It was finding my voice that gave me the courage to established my long held wish for a unique charity ‘Children of Phoenix’ that helps those affected by childhood sexual abuse to achieve their educational goals. It was in finding my voice that others spoke to me and in turn stepped into the light of their voice and revelled that the shadows of offender-enforced silence no longer held them hostage.

I advocate for every survivor and know that the hard-won privilege of obtaining a platform from which to speak entails a moral responsibility to ensure that platform advances everyone. I am driven by a determination to ensure a better criminal justice system and public education to enable victim/survivors to face a more just and respectful world.

Why am I writing such a personal post? On February 7 2020 the Victorian Government in Australia amended the Judicial Proceedings Act 1958 (Vic) which now makes it an offence for a person who has ever been sexually victimised to identify themselves publicly. The changes are retrospective. As such, it is a chargeable offence for me to ever speak or write publicly of my sexual abuse for which the offender was convicted and went to gaol.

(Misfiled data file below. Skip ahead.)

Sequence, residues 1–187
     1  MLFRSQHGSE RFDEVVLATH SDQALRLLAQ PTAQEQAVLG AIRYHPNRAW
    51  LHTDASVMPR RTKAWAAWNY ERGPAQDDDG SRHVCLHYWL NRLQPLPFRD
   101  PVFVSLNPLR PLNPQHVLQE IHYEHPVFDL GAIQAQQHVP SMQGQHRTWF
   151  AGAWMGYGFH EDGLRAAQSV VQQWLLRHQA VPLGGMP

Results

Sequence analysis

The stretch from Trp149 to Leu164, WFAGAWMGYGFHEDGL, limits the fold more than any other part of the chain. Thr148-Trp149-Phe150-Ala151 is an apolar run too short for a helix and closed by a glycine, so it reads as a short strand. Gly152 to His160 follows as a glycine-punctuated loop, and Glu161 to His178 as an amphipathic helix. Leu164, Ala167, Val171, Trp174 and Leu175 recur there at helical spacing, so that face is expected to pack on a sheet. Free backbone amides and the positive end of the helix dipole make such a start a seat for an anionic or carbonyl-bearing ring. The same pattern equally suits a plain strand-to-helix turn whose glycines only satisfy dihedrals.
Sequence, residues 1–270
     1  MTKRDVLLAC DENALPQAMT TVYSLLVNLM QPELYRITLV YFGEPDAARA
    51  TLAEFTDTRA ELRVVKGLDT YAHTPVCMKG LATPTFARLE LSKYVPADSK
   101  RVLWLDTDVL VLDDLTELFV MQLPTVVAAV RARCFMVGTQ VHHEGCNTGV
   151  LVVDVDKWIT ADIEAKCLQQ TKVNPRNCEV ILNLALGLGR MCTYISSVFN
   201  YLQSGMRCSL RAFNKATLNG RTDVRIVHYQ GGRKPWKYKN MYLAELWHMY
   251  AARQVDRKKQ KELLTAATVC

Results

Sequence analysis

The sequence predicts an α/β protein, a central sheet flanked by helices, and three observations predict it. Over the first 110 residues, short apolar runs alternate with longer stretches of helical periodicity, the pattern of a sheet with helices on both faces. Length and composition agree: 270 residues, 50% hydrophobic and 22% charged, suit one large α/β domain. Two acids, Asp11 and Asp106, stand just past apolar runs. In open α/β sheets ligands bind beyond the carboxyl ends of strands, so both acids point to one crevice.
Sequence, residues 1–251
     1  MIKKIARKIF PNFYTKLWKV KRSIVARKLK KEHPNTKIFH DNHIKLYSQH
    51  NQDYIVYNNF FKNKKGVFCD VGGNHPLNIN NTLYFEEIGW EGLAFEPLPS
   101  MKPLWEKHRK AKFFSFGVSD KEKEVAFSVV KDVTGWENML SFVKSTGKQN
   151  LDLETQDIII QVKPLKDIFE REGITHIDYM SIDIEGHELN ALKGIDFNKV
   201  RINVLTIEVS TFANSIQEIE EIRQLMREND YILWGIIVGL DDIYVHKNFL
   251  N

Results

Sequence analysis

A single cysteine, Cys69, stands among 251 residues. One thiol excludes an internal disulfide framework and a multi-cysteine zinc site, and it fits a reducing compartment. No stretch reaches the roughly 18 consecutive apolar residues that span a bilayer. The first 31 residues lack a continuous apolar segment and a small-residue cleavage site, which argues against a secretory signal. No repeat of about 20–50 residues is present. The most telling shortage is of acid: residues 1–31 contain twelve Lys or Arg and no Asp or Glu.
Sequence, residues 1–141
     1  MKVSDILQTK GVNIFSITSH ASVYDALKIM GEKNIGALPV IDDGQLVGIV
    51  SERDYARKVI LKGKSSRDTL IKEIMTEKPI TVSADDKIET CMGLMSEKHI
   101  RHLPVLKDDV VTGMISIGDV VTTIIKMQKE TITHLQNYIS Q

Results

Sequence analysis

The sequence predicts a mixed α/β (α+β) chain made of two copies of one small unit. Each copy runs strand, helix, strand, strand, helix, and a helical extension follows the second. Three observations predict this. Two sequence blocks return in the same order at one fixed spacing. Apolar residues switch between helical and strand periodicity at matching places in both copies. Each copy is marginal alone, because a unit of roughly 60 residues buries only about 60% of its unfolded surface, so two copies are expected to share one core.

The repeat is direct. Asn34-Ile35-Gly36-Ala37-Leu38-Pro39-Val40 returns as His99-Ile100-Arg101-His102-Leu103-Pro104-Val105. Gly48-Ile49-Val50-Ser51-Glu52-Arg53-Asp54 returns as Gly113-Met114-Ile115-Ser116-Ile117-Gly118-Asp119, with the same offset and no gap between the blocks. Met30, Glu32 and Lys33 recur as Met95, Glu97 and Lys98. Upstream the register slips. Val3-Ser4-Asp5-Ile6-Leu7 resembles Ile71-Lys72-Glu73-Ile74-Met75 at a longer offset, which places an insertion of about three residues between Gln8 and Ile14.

I found my voice as a victim to speak out all those years ago when I told police. I found my voice years ago when I spoke publicly and then each time I speak as an advocate with the valid authority of lived experience. And I applaud the courage of so many other victim/survivor advocates who claim their right to speak and to advocate.

In professional settings I have touched on my personal background to sit alongside my awarded research and awarded peer-reviewed publications. Research, praxis and the valid authority of lived experience are capable of being a potent mix for education, awareness and reform. This is one example of the power of speaking to experiences that must be heard and understood.